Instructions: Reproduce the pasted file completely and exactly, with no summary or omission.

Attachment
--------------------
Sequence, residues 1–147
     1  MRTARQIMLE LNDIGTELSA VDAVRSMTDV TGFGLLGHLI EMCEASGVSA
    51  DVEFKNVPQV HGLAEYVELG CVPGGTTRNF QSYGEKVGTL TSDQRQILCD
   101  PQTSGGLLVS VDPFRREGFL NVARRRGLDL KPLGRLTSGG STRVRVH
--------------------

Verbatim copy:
Sequence, residues 1–147
     1  MRTARQIMLE LNDIGTELSA VDAVRSMTDV TGFGLLGHLI EMCEASGVSA
    51  DVEFKNVPQV HGLAEYVELG CVPGGTTRNF QSYGEKVGTL TSDQRQILCD
   101  PQTSGGLLVS VDPFRREGFL NVARRRGLDL KPLGRLTSGG STRVRVH